Sweetened Beverage Tax Lacks Clear Direction, Could Harm Small Businesses

By: Kathryn Robertson Posted: 05/11/2017

Proposal from Mayor, City Council fails to provide a straightforward, effective solution for community needs

City_Hall

This week, the Seattle Metropolitan Chamber of Commerce Board of Trustees voted to oppose the proposed 1.75-cents per ounce sweetened beverage tax in the City of Seattle.

The vote comes after the Chamber carefully evaluated the measure through its member-led process. Ultimately, members concluded that the City has not demonstrated how the new stream of revenue would be efficiently spent to drive effective outcomes. The tax would also create a declining revenue source—as consumption of sugary beverages is already on the decline in Seattle—creating an undependable funding mechanism for important programs.

The Chamber also engaged in conversations with partner organizations like the Seattle Restaurant Alliance and the Ethnic Business Coalition, both of whom, along with others, expressed significant concern regarding the impact of this tax on their member companies—especially small and minority-owned restaurants and retailers. This is also consistent with what the Chamber heard from members in small group meetings with Mayor Ed Murray and his staff.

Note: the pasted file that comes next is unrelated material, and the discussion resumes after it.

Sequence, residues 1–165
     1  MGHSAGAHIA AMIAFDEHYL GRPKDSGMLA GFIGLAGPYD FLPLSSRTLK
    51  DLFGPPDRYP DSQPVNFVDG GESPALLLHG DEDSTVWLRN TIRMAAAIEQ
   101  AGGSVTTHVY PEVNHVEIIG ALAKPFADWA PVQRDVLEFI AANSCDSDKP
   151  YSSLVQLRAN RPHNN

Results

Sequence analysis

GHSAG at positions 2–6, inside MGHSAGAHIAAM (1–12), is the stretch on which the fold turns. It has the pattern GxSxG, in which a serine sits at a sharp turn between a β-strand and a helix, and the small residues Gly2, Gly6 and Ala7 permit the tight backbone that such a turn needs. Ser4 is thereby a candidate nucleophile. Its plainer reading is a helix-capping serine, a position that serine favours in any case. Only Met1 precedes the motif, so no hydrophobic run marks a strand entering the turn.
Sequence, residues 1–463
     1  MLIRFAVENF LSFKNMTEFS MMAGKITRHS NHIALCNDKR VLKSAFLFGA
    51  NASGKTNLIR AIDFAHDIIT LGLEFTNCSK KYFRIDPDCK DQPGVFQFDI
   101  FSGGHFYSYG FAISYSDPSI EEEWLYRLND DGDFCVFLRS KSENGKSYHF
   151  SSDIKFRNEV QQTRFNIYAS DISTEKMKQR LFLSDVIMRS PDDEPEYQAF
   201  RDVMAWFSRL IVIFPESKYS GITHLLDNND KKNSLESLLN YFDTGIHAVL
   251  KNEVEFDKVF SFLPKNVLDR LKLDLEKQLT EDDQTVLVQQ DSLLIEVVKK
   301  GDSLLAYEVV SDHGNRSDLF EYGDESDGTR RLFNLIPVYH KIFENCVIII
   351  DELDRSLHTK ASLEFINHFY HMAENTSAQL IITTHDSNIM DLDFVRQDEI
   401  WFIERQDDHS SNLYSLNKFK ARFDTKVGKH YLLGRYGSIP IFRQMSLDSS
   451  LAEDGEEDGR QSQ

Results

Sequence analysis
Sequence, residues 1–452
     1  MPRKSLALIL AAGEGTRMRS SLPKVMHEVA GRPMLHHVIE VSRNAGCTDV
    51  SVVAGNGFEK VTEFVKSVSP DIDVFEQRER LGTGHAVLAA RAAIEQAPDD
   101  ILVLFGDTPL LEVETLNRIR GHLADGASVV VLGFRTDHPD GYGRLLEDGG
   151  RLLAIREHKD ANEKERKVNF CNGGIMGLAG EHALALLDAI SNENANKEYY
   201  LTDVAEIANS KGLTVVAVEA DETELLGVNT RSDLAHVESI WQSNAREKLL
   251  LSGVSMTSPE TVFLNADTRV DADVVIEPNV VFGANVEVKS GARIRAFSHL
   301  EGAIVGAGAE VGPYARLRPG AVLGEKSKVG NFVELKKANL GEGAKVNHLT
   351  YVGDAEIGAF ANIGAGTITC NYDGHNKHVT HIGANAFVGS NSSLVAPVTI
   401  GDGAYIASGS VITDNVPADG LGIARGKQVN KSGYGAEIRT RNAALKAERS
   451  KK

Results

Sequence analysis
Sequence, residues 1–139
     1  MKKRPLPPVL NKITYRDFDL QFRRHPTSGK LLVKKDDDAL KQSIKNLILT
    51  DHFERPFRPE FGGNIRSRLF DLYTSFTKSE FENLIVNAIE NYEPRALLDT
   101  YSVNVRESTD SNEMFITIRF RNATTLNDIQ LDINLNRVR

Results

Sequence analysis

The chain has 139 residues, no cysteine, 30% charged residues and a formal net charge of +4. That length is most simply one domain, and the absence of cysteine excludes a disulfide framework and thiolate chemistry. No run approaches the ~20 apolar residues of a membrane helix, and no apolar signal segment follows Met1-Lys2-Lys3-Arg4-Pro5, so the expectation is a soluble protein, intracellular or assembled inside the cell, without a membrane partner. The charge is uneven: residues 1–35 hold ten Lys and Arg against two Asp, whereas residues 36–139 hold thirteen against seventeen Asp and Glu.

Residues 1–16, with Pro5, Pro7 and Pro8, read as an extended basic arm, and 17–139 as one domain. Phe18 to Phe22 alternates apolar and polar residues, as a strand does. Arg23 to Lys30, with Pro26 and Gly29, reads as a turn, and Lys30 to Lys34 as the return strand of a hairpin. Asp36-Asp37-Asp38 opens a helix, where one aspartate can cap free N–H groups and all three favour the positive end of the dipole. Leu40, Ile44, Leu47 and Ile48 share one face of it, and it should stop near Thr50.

While the intention of improving education and health outcomes for the city is important to the Chamber and its members, this tax proposal does not provide a clear and effective solution for the needs of the community.

For more information about this issue, please contact Kyla Shkerich, the Chamber’s policy and outreach manager.